There’s something we’re missing.
Neuroscientists now say there are many more than just five senses. It’s still a matter of debate exactly how many we have; some scientists believe it could be as many as 21.
There’s one sense, however, that humans are completely lacking — we’re totally incapable of recognising light’s effect on our body clock.
Our sensory receptors evolved to protect us from harm. They’re our defence mechanisms. When you touch something sharp or hot, you recoil in pain. When you taste something unpleasant, you reject it in disgust. But when it comes to harming our circadian rhythm with bad light habits there’s no automatic reaction or feedback loop.
The invention of artificial lighting was so sudden that the human body is utterly helpless. The change was too quick. Our bodies had no time to adapt. Like flicking on a switch, our sleep and wake cycles were suddenly exposed to a world where we spend our working lives looking at screens in badly lit offices.
The transformation was so radical that we’re still getting to grips with the full effect on our circadian rhythm. We’re slowly waking up to the idea that our light habits have an impact on everything from our sleep patterns to our metabolism.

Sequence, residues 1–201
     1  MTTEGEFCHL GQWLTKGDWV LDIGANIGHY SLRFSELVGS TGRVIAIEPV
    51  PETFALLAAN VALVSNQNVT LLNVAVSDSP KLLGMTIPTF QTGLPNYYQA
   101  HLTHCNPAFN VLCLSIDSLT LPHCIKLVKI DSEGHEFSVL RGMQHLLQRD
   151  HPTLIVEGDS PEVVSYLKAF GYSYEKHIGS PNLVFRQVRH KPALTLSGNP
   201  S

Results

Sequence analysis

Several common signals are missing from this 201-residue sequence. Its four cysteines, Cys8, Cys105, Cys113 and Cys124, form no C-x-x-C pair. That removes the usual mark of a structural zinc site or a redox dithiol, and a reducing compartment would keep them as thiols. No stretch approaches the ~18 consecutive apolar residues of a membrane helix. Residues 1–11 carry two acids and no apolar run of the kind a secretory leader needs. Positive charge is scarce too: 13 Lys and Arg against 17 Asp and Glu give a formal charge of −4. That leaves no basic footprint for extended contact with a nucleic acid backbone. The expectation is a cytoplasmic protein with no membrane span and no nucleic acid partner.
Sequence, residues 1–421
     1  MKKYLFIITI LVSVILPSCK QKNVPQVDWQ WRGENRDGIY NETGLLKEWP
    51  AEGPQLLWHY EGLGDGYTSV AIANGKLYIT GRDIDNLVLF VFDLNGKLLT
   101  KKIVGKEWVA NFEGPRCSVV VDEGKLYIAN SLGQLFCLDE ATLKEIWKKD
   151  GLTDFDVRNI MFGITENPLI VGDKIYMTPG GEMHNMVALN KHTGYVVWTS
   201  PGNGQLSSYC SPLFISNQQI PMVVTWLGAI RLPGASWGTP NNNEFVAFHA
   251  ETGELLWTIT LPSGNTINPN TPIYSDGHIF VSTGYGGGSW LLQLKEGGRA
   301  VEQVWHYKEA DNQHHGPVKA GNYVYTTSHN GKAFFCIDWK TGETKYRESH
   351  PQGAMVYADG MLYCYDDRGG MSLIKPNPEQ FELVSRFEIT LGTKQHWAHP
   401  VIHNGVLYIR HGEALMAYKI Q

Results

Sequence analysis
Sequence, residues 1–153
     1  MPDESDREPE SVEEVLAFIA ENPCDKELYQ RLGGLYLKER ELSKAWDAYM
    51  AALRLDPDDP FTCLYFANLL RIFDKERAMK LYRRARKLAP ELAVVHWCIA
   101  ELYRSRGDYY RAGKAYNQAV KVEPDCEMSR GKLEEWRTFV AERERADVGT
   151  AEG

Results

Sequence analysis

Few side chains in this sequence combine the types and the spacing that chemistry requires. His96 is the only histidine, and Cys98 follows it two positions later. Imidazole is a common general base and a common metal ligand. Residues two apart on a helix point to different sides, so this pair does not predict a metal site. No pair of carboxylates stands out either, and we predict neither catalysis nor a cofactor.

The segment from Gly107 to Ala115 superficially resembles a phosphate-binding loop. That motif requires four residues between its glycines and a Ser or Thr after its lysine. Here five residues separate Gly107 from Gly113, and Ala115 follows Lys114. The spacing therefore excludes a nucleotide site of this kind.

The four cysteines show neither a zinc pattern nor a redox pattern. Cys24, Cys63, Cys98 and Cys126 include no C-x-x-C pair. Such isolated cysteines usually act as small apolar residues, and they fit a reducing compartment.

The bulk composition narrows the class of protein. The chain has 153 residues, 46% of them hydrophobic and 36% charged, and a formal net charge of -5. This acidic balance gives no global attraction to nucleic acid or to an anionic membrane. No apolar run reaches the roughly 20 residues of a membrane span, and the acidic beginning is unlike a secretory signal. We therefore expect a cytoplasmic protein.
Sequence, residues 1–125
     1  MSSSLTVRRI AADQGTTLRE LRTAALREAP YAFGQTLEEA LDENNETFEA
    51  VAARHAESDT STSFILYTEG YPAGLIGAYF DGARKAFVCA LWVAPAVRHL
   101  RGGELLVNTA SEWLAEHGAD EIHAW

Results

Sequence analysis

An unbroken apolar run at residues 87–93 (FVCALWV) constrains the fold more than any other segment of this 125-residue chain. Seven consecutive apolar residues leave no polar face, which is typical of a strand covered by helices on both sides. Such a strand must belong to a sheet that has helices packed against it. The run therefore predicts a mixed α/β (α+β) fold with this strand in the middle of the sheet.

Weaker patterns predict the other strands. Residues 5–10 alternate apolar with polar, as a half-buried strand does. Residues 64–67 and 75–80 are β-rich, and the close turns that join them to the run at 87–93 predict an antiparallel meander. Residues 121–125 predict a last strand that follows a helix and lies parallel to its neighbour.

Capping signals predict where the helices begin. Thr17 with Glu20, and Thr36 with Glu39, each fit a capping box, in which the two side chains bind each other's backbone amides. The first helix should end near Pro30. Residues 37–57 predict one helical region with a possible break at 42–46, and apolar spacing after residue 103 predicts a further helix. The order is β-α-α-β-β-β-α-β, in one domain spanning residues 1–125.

So what’s the solution?
As the science around light and circadian rhythms develops, we have a better understanding of how we can adapt our lifestyles. Designers, architects, and employers, too, are all becoming more aware of creating environments and work cultures suited to our natural body clocks.
We also have more tools available to guide us to the right light our bodies need. There are a growing number of technological solutions for the problem, from human-centric lighting to wearable light sensors.
Our bodies might not naturally protect us from the harmful effects of bad lighting, but that doesn’t mean we can’t change our behaviour.
Read more about how LYS can help improve your sleep and energy levels here